The UK Government has been consulting on the prospect of separate food waste collections for England, a proposal that has been generally well-received as a measure to stimulate the country’s stagnating recycling rates.

In addition, the government has launched a £15-million food waste reduction scheme to focus mainly on waste in the retail and food manufacturing sectors. As part of this, £4.2 million of funding was awarded to four redistribution organisations in May to enable them to increase the amount of edible surplus food sent to people in need.

Despite this, industry figures commenting in the report expressed disappointment at an apparent “lack of energy” from government, as Lord Deben (Chair of the Vision 2020 panel) put it, meaning that “consumers are yet to play a driving role in the fight against food waste.”

Jeremy Jacobs, Technical Director at the Renewable Energy Association, added: “Our concern is that mandating zero food waste to landfill simply won’t happen. The logical, economic, sustainable and emotive arguments have been drilled into government, but are apparently falling on deaf ears… Despite government-level talk of the circular economy, leading the debate and embracing innovation, we still only recycle 14 per cent of food waste in the UK. This is a travesty.”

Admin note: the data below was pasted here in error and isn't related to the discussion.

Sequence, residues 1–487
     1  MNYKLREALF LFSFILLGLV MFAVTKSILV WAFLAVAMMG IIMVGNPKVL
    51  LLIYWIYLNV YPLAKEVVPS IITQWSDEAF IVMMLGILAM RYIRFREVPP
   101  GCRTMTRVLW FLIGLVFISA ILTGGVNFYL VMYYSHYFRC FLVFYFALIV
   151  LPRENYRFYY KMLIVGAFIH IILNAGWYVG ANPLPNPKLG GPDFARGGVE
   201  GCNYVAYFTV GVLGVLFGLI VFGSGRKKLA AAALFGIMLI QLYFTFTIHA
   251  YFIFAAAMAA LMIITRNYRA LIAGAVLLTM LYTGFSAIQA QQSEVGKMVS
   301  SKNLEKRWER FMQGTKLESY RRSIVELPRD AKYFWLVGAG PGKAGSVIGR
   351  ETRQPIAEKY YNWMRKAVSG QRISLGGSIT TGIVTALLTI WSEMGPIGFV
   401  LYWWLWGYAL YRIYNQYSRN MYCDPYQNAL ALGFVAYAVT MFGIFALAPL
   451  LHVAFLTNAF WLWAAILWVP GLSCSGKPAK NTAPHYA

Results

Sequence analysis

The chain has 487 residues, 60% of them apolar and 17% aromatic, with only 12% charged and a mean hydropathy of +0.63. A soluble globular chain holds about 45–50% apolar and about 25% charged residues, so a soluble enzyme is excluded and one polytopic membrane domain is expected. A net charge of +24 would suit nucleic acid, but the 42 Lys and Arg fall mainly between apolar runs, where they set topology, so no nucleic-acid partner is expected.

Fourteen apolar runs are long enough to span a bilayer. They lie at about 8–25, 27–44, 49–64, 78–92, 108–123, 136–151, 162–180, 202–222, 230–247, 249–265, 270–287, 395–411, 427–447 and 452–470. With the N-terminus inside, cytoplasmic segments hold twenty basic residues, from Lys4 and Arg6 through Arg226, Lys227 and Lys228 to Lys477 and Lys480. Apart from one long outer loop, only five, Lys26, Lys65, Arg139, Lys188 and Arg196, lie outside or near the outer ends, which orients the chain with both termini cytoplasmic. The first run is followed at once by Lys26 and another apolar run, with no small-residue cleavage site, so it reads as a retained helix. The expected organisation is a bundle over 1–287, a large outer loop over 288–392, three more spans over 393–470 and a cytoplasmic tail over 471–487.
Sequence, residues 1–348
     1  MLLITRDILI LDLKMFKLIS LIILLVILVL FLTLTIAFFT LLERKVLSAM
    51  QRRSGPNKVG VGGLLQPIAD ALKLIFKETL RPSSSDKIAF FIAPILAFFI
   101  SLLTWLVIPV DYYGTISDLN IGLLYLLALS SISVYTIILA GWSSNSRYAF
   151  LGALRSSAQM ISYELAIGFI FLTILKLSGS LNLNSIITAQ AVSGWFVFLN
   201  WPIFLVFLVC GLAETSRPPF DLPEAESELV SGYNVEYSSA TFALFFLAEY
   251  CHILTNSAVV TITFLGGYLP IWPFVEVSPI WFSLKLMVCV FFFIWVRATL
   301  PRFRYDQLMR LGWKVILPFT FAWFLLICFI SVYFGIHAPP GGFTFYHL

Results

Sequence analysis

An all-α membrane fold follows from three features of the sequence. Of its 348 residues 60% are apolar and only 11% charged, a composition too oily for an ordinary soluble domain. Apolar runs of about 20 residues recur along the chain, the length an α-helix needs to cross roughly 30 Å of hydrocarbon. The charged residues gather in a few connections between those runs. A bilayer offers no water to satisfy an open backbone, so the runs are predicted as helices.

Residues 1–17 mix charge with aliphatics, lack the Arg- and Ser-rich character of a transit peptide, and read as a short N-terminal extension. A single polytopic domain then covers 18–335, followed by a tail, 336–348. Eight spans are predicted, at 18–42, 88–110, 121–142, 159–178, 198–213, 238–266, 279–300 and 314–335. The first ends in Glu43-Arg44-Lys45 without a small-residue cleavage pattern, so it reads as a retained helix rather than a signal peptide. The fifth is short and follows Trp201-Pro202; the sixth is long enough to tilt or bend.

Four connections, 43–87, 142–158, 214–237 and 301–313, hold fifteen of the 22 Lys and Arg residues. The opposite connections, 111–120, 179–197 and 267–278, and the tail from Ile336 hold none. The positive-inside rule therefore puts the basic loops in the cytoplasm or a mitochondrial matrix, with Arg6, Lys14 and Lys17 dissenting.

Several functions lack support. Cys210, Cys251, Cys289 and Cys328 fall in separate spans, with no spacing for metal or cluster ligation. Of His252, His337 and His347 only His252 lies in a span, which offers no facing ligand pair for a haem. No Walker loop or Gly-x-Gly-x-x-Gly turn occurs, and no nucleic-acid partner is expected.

Many challenges remain

ReFood’s report is generally positive about the government’s approach to food waste, stating that the Resources and Waste Strategy offers ‘a firm policy direction for food waste that builds on the exciting foundations established over the past five years since the launch of the Vision 2020 Roadmap.’

“The commercial, environmental and societal benefits of tackling food waste have gained significant traction over the past few years and it is exciting to see what can be achieved,” Simpson concluded. “Challenges remain, not least the lack of consistency in food waste collections at local authority level, but the government’s Resources and Waste Strategy has the potential to provide a perfectly workable policy framework.

“Ultimately, responsibility lies with all of us, with businesses, with government, with local authorities, educators and consumers. We can all play our part, whether by preventing food waste in the home, asking for doggy bags in a restaurant, donating surplus food, or simply taking every opportunity to reduce, reuse and recycle wherever possible.”